THE NINE FACTORS THAT INFLUENCE STARTEGY IMPLEMENTATION
1. Strategy Formulation
If the corporate strategy drafted by the business is a poor or a vague strategy, then it can limit the implementation efforts dramatically. Good execution cannot overcome the shortcomings of a bad strategy or a poor strategic planning effort (Hrebiniak, 2006). Several studies mention the fact that the kind of strategy that is developed (Alexander, 1985; Allio, 2005) and the actual process of strategy formulation, namely, how a strategy is developed (Kim&Mauborgne, 1993; Singh, 1998) will influence the effect of implementation. Alexander (1985) believes that the need to start with a formulated strategy that involves a good idea or concept is the most crucial and critical factor which helps promoting its successful implementation. As Allio notes, good implementation naturally starts with good strategic input: the soup is only as good as the ingredients (Allio, 2005).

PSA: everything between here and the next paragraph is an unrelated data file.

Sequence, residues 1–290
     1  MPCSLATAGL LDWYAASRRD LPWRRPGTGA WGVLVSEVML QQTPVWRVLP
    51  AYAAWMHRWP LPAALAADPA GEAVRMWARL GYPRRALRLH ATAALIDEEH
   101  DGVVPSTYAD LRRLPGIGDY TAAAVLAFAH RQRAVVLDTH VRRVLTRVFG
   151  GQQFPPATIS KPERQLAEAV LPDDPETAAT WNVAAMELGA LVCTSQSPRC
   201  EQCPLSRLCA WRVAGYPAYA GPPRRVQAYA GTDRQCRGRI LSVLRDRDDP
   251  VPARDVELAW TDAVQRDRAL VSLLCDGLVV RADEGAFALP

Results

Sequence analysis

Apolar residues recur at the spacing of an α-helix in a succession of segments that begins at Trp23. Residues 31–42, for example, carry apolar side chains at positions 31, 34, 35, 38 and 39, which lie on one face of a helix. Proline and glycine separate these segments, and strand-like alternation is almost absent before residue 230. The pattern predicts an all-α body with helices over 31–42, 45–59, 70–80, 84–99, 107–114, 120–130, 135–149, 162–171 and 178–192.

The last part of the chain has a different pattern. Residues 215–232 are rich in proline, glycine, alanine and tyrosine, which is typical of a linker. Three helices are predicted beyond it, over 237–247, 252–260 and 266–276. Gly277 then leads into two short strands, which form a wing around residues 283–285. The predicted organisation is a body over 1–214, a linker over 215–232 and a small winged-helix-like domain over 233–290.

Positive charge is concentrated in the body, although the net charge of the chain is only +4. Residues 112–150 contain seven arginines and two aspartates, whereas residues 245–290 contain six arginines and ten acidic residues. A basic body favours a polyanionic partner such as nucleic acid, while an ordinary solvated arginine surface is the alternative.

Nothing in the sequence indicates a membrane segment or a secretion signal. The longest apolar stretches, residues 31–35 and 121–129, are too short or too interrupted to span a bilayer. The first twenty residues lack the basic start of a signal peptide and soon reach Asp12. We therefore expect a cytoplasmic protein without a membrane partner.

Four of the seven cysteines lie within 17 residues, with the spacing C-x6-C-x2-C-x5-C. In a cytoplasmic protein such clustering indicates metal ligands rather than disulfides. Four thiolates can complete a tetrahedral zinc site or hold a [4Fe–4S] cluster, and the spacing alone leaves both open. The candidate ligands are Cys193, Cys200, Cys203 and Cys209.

2. Relationships among different departments and different strategy levels
Many studies in the concerned field have stressed that the institutional relationships among different units/departments and different strategy levels play a major role in the outcome of strategy implementation (Walker & Ruekert, 1987; Gupta, 1987; Slater & Olson, 2001; Chimhanzi, 2004; Chimhanzi & Morgan, 2005). Walker & Ruekert note that marketing policies, inter-functional structures and processes, corporate-business unit relationships and processes are a major influence on business strategy implementation. In addition, allocation of resources, functional competencies, inter-functional conflict, decision-making participation and influence, and coordination also have different effects on the implementation of various kinds of business strategies. Implementation effectiveness is negatively affected by conflict and positively affected by interpersonal communication and not written. Such interdepartmental dynamics are affected by senior management support informal integration and joint reward systems. Other relationships that have received attention to a lesser extent include finance, manufacturing, engineering, quality, marketing, accounting, and sales.